COVID-19 Antibody Test Information

COVID-19 antibody testing is a test that uses a small sample of blood obtained by a finger-prick. Results are ready the same day the sample is obtained. COVID-19 antibody tests are used to determine whether you have had a past infection with SARS-CoV-2, the virus that causes COVID-19. Antibody tests should not be used to diagnose a current COVID-19 infection. It is very important that you are not tested too soon. It can take 2-3 weeks to develop enough antibodies to be detected in an antibody test, with the peak time for testing being 3 or more weeks after infection occurs.

A positive antibody test indicates that the virus is eliminated or being eliminated from the body. Antibodies may be detected in your blood for several months or more after you recover from COVID-19. Although these antibodies probably provide some immunity to the COVID-19 virus, there’s currently not enough evidence to know how long the antibodies last or the level of protection you may have from getting another COVID-19 infection. Though rare, there are some confirmed and suspected cases of reinfection. Studies on COVID-19 antibodies as well as other components of the immune system are ongoing to learn more about immunity.

We encourage you to talk with your healthcare provider about the result you receive in an effort to better understand the condition of your health and as part of your COVID-19 treatment plan.

Antibody testing for COVID-19 may be done if:

  • You had symptoms of COVID-19 in the past but you were not tested
  • You are about to have a medical procedure done in a hospital or clinic, especially if you have had a positive COVID-19 diagnostic test in the past
  • You have had a COVID-19 infection in the past and want to donate plasma, a part of your blood that contains antibodies that can help treat others who have severe cases of COVID-19.
  • If a child is sick and the doctor suspects multisystem inflammatory syndrome for children (MIS-C), antibody testing may be ordered to help diagnose MIS-C. Many children with MIS-C have antibodies to COVID-19, indicating past infection with the coronavirus.

If you test positive:

  • A positive test result shows you may have antibodies from an infection with the virus that causes COVID-19. However, there is a chance that a positive result means you have antibodies from an infection with a different virus from the same family of viruses (called coronaviruses). Note: Other coronaviruses cannot produce a positive result on a viral test for SARS-CoV-2.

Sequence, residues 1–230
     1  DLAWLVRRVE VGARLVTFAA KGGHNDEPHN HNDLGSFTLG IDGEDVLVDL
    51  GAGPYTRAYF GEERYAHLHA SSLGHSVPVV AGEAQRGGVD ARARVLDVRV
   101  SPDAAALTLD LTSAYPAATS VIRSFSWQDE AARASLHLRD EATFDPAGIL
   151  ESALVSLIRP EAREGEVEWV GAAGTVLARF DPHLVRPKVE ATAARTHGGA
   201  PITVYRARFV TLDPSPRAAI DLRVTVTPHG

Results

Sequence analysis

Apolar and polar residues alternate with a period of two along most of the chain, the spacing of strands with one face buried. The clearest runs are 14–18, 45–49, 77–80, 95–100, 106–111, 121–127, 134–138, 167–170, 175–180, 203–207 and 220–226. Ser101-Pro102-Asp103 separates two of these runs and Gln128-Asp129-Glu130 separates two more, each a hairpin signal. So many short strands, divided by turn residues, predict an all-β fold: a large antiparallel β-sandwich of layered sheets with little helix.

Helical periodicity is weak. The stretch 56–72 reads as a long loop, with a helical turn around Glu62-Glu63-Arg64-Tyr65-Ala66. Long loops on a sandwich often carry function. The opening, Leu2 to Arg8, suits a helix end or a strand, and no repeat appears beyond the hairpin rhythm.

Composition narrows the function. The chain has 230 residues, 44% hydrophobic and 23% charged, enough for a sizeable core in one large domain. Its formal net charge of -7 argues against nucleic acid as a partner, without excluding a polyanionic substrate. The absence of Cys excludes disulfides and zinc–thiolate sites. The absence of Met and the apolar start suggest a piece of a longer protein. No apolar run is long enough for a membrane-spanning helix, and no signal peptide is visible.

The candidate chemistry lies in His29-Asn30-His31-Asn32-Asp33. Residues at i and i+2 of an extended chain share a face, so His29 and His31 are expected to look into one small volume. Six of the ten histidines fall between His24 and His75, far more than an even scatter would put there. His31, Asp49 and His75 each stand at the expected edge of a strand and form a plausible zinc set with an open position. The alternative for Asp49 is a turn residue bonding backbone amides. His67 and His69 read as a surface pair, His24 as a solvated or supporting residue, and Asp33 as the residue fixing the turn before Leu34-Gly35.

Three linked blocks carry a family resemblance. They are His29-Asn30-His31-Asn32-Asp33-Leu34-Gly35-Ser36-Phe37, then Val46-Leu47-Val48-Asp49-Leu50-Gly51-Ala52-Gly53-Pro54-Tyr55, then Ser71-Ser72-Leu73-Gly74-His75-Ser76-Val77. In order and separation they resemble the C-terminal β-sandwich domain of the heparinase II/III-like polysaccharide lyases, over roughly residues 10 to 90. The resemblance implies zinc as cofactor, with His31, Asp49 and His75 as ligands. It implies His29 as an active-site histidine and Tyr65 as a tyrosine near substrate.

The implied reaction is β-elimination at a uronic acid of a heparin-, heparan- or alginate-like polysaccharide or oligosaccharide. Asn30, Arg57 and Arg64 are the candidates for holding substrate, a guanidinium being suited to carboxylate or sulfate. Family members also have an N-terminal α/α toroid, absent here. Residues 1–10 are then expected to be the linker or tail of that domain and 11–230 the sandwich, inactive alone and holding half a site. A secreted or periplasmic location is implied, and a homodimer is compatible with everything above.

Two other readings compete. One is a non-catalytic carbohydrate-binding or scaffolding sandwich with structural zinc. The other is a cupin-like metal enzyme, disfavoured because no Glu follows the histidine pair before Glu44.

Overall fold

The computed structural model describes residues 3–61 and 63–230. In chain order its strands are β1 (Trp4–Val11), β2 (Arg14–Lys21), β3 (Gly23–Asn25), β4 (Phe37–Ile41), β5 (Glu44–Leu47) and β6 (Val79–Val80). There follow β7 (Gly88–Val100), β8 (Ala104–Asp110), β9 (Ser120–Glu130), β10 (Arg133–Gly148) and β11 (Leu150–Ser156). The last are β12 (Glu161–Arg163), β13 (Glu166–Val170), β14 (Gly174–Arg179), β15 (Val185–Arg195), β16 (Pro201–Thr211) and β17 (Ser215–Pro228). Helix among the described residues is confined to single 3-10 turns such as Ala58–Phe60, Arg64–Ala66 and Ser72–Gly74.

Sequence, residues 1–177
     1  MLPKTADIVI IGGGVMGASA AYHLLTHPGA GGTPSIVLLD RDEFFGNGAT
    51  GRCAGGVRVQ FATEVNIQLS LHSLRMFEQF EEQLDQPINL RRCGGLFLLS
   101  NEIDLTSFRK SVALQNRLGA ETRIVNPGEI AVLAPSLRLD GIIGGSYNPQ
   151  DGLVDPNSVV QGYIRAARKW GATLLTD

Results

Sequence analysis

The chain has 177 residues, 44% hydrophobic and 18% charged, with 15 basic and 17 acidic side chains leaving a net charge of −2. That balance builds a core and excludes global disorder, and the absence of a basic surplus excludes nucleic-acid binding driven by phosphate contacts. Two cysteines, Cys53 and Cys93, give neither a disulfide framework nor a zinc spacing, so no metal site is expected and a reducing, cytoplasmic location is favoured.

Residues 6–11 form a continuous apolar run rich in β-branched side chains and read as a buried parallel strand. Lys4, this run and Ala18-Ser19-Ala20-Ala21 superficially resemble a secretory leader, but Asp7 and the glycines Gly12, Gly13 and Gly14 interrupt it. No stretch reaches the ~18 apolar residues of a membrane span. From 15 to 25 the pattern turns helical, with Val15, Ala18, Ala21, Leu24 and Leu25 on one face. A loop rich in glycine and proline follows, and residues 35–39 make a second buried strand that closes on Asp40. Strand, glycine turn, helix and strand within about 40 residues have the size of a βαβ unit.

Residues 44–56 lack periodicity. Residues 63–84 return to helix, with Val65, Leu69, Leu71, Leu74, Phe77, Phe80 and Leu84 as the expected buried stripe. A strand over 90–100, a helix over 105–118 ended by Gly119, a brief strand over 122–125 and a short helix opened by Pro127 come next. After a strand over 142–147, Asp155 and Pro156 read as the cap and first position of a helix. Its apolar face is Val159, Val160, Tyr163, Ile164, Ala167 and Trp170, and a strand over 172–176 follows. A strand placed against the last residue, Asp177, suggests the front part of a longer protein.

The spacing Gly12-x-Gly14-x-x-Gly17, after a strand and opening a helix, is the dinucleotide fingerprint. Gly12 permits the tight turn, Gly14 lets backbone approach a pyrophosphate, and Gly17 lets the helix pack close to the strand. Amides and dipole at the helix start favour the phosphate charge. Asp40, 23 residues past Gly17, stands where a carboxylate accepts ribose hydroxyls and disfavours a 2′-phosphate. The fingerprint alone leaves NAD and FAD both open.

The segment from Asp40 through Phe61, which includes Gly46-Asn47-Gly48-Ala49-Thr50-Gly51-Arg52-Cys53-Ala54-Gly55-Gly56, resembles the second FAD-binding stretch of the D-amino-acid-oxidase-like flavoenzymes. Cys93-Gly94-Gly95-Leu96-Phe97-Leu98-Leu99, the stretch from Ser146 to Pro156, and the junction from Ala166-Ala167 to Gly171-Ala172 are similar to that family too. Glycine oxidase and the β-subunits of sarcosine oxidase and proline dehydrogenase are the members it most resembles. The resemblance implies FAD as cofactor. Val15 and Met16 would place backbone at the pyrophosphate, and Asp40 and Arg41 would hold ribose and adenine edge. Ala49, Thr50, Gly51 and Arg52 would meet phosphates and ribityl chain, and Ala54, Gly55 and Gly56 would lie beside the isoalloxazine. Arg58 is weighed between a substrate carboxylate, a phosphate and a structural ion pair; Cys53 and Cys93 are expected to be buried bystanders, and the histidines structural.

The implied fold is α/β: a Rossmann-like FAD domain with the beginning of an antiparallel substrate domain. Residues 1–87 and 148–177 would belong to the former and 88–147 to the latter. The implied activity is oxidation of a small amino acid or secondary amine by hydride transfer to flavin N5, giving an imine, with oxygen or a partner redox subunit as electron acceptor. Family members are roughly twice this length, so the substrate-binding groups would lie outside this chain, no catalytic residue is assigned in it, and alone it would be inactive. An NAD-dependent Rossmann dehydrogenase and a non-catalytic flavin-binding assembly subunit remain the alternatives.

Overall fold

• Having antibodies to the virus that causes COVID-19 may provide protection from getting infected with the virus again. But even if it does, we do not know how much protection the antibodies may provide or how long this protection may last. Confirmed and suspected cases of reinfection have been reported, but remain rare.
  • You may test positive for antibodies even if you have never had symptoms of COVID-19. This can happen if you had an infection without symptoms (asymptomatic).

If you test negative:

  • You may never have had COVID-19.
  • You could have a current infection or have been recently infected.
    • The test may be negative because it typically takes 2-3 weeks after infection for your body to make antibodies. It’s possible you could still get sick if you have been exposed to the virus recently. This means it is possible to still spread the virus.
    • Some people may take even longer to develop antibodies, and some people who are infected may not ever develop antibodies.

COVID-19 antibody testing could lead to false-positive or false-negative results:

  • False-positive result. The test result is positive, but you actually don’t have antibodies and you did not have an infection in the past. A false-positive result could give you a false sense of security that you’re protected from getting another COVID-19 infection and even with a true positive result, immunity is questionable.
  • False-negative result. You have antibodies to the COVID-19 virus, but the test does not detect them. Or you were tested too soon after infection and your body has not had time to develop antibodies. It typically takes 1-3 weeks to develop antibodies after infection, however some people may take even longer to develop antibodies, and some people who are infected may never develop antibodies.


Until researchers are able to provide more information regarding immunity, whether your test results come back positive or negative, please continue to protect yourself and others from the possibility of being infected or reinfected with COVID-19.


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